Downside of advantage (2)
Archived Articles 02 Dec 2008 Eva VabasaluEWR
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Late in 1988 my first husband Brian and I purchased an expensive home at the height of the market, the very peak of it, then watched its value plummet. Added to our financial worries was the fact that we had not sold our former home forcing us into bridge-financing for a year. When the house was sold in 1997 the house had devalued at a rate of $72.00 per day over 8 1/2 years. If finances had been our only problem our marriage we would have weathered through it but it was just a taste of the misfortune to come.

Before the pictures were hung up in the new house, Brian slid into a massive clinical depression leaving him suicidal and unable to work. I could not understand what he had to be depressed about. Brian was a brilliant litigation barrister who had a reputation as a lawyers' lawyer. When he was in a room people gravitated to him. I had spent 17 years witnessing his beautiful mind in action through his joy of mental and physical work, his humour, his love of books, music and his family and many friends, so for these reasons I was sure this melancholy abyss was a temporary hitch.

The depression continued. Doctors at the Clarke Institute of Psychiatry plus a host of other therapists looked for a cure, all of which proved illusive. There were a few days when he felt better, almost seemed his old self, but then the wave of depression reclaimed him reducing him to lethargy and sleep. Months later he suffered a major heart attack which required heart surgery and convalescence. Brian's legal firm went bankrupt after a year and a half just when the house roof needed replacing and queued up was another major repair of many thousands of dollars. My eldest daughter ever-present in black had gained 75 lbs. and she too was a trifle despondent.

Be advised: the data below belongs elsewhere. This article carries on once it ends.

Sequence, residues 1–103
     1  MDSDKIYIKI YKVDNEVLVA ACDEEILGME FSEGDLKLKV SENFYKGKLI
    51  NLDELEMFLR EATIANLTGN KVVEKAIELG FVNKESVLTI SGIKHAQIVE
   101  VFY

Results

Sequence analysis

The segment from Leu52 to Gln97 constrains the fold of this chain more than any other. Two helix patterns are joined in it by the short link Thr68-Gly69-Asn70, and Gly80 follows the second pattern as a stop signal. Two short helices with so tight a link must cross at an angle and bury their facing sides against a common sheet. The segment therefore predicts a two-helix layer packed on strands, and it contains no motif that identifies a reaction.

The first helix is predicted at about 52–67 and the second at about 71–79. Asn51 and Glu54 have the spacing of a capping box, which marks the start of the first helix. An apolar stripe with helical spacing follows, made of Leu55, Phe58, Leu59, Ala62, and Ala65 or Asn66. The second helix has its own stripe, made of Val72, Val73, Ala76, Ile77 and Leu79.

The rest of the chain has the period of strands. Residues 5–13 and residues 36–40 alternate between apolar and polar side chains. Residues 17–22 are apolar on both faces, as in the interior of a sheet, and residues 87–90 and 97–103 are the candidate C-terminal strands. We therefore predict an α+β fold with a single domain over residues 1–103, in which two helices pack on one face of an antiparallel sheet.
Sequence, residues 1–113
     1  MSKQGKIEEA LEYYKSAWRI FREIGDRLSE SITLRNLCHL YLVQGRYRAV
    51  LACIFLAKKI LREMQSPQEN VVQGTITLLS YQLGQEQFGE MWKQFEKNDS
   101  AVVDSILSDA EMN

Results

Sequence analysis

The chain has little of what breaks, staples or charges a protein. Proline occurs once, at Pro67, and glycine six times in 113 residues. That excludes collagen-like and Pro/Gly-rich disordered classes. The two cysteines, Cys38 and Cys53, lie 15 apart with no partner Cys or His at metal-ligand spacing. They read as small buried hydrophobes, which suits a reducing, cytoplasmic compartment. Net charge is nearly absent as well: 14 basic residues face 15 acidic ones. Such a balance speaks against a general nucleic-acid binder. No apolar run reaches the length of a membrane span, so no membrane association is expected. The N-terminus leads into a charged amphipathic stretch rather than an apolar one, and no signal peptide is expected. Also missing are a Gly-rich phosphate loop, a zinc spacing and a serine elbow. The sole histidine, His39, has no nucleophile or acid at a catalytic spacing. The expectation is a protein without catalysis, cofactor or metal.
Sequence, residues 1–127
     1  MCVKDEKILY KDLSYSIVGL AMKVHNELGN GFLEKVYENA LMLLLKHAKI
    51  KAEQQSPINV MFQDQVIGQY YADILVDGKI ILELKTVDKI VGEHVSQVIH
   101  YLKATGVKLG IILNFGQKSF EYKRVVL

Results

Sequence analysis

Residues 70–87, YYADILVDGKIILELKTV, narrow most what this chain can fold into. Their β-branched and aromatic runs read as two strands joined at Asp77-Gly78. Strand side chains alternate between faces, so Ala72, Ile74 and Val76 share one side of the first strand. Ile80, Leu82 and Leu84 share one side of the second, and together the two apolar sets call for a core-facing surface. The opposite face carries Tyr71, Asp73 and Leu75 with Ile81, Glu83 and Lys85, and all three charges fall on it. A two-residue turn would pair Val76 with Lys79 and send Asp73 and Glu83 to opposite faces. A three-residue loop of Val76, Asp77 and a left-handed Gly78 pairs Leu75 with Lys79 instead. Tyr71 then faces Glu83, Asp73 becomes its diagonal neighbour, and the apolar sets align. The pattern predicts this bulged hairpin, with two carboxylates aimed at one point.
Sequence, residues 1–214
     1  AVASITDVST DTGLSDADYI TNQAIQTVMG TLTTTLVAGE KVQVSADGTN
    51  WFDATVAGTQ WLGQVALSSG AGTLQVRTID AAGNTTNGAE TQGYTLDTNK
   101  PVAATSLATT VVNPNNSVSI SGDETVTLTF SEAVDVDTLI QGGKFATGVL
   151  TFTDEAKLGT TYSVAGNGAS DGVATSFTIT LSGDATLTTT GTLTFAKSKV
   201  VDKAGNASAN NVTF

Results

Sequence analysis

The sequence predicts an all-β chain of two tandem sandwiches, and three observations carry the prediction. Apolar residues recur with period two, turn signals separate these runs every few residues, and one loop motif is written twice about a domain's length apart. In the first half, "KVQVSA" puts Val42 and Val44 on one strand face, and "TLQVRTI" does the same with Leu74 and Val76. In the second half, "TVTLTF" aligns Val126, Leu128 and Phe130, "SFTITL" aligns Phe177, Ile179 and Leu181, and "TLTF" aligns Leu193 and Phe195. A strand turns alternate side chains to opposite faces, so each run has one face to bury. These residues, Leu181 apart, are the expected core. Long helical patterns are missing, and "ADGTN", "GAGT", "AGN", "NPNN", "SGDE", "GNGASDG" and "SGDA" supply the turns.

An appointment had been set up to see a bank manager for a line of credit in order for Brian to set up a sole practice hence safeguarding our financial survival. Things looked promising after spiralling downward for two very long years, but little did I know the plane was about to hit ground zero; another suicide attempt happened and he was placed in the psychiatric ward of a hospital under heavy sedation. At the last possible moment Brian did pull up his nose, secured the line of credit, and the worst of the worse did not happen. We separated the following year yet managed to stay on good terms spending all major holidays together as a family. He switched his focus from litigation to educational law, albeit troubles with depression and suicidal tendencies plagued him off and on for the rest of his life.

Looking back on that rough period I now realize how little I understood of what he was going through. As Aldous Huxley once said "The world of the healthy is very different from that of the sick". Depression accounts for about 90% of statistical suicides, and as we all know Estonia has a high suicide rate. It is a disorder affecting twice as many women as men. Suicide is ranked second as a leading cause of death among the young in North America, and sadly often symptoms are written off as adolescent moodiness. An excellent TV documentary was done by PBS entitled Depression: Out of the Shadows and information is available at the website http://www.pbs.org/wgbh/takeon...

The film Magnus gives a glimpse into the dark jaws of depression, a disease which is frequently camouflaged by a mask of alcohol and drug addiction as its pain is so intense and ever-persuasive that one would do anything to escape its deep pit of sorrow. One expert explained it this way, think of the worst few hours of your life and imagine it to be your day-in-day out existence. Depression defies rationality. Months and months, and years and years of bleakness, anger, anxiety, and hopelessness is soul-destroying. Just how many years of that can anyone take? About 8 percent of the population suffers from depression and ninety percent of suicides are victims of depression. Suicide bereavement is also different and it is recommended that anyone affected by a completed suicide get survival support counselling.

I came away from Magnus astonished by the courage of Kadri Kõusaar and the lead actor, Mart Laisk. A powerful film hard to watch yet engrossing it illuminates the psychology of a suicidal person and vividly portrays what not to do although I certainly don't hold the misguided directly responsible for the end result. In my own circumstance I wish I could say I was the model of compassion and understanding. I wasn't. It's a parched existence for all involved.

Depression has many faces and degrees of severity and how much is physical and how much psychological is determined on a case per case basis. Early treatment is key but even here medication that works for one doesn't necessarily work for another. For milder depressions exercise raises the all important serotonin and dopamine levels. It is better understood now than 20 years ago thank goodness and most recently I heard that vitamins have cured some patients ringing a much needed and hopeful bell.
 
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